Defines the legend entries that will be displayed in the footer. Should be a mapping from "color code" to "color label". See more details in the Legend section.

Text color



Font color in the grid, except the header row.


The Data Grid does not offer any events.


The Data Grid exposes the following API in the JavaScript runtime environment.

Property / FunctionTypeBehavior


number | number[] | null

Current value of the "Column widths" property.


GridData | null

Current value of the "Data" property, please refer to the Data section for more details.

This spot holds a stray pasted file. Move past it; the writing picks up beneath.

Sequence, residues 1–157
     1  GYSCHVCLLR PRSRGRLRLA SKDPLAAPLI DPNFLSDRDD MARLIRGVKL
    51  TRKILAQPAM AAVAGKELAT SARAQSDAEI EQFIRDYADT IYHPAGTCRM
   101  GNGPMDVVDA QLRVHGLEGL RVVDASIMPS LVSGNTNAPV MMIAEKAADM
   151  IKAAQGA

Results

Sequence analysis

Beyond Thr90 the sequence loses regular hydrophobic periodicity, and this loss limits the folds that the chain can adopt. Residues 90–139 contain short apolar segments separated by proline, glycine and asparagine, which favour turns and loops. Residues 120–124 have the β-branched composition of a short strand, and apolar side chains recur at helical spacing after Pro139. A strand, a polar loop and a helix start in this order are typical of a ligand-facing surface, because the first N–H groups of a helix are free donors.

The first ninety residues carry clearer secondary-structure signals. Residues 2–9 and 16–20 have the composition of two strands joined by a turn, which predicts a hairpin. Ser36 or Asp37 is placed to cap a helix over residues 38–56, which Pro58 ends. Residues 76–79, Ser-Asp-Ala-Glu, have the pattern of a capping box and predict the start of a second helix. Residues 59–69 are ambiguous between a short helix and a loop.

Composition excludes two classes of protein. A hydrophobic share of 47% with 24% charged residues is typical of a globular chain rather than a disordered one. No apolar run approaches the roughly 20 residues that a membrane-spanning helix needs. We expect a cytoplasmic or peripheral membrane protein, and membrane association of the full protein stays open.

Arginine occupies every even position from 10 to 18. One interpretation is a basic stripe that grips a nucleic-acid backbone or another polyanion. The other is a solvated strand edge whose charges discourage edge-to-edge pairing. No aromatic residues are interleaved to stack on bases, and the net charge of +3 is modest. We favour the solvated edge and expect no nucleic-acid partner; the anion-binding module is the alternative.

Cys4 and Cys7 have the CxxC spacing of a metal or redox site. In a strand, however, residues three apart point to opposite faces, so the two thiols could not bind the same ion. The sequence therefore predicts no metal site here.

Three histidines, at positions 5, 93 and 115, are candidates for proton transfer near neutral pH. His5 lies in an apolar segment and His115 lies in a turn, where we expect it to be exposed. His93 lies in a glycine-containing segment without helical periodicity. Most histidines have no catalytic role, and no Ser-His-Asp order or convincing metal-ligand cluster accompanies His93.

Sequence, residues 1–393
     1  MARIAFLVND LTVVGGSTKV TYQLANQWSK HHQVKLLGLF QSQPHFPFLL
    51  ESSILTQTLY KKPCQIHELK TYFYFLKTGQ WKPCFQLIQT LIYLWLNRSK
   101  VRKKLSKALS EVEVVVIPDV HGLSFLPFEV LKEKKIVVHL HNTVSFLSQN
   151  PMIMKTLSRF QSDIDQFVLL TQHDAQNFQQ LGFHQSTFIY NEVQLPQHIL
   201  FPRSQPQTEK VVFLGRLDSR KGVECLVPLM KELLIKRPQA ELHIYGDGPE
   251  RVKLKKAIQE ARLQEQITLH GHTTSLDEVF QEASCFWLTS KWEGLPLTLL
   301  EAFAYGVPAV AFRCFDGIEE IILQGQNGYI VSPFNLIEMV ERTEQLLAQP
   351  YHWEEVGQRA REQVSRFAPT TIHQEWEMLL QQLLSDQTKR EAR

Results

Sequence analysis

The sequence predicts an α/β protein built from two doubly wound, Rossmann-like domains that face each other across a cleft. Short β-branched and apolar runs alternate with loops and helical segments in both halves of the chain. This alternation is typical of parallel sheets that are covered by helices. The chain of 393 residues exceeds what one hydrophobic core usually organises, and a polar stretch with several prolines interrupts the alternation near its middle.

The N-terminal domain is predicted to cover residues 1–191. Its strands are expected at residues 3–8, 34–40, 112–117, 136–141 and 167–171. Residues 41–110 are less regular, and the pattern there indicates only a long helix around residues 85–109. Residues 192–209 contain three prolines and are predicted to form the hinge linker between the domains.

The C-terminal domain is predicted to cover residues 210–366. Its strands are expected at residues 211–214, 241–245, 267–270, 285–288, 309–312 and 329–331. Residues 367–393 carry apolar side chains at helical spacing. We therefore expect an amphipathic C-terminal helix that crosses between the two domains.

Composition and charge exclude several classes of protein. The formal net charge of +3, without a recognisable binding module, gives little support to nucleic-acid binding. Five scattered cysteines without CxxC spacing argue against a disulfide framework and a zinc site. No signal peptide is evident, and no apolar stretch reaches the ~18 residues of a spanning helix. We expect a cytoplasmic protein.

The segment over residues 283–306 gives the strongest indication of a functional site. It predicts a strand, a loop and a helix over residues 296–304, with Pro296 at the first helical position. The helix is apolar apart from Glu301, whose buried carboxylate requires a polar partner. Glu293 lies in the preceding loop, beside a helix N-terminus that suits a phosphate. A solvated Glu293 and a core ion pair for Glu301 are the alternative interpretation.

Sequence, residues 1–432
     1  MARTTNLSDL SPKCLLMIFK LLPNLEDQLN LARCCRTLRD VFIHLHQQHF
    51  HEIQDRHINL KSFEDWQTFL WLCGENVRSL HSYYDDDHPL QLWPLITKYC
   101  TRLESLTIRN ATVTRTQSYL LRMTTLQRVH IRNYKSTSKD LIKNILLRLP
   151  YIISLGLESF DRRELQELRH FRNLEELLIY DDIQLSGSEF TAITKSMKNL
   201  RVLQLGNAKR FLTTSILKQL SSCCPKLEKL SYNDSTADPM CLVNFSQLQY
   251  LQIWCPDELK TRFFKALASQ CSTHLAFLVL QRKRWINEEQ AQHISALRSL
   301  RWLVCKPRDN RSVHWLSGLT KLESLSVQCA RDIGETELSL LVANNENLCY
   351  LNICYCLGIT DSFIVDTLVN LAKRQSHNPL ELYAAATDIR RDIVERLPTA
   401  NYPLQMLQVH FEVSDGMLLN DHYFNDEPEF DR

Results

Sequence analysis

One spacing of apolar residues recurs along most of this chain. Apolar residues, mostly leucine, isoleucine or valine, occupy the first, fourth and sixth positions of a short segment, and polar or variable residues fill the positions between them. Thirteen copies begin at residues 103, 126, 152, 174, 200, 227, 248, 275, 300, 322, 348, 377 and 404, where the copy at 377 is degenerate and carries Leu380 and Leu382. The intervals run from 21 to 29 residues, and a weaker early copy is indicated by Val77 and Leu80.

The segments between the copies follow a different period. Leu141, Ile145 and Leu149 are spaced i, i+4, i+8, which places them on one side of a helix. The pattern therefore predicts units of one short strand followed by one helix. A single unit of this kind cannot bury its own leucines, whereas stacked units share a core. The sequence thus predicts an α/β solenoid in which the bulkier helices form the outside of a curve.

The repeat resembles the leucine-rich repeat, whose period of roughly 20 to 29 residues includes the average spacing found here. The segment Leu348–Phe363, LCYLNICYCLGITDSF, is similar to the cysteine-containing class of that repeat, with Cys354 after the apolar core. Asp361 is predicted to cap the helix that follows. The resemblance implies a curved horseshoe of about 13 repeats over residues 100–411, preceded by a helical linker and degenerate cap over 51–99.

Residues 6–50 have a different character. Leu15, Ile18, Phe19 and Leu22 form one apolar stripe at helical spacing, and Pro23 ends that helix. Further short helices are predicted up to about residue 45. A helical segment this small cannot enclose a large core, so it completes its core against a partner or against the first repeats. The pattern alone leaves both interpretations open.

Current value of the "Data export" property.



Current value of the "First row is header" property.


number | null

Current value of the "Fixed column count" property.


Record<string, string> | null

Current value of the "Legend" property.


(value: number | number[] | null) => void

Sets the column widths to the provided number(s) in pixels.


(value: GridData) => void

Sets the displayed data to the provided structure. See the Data section for more details about the expected structures.


(value: boolean) => void

Sets the data export flag to the provided value.


(value: boolean) => void

Sets the first-row-is-header flag to the provided value.


(value: number | null) => void

Sets the fixed column count to the provided value.


(value: Record<string, string> | null) => void

Sets the legend to the provided value. See the Legend section for more details.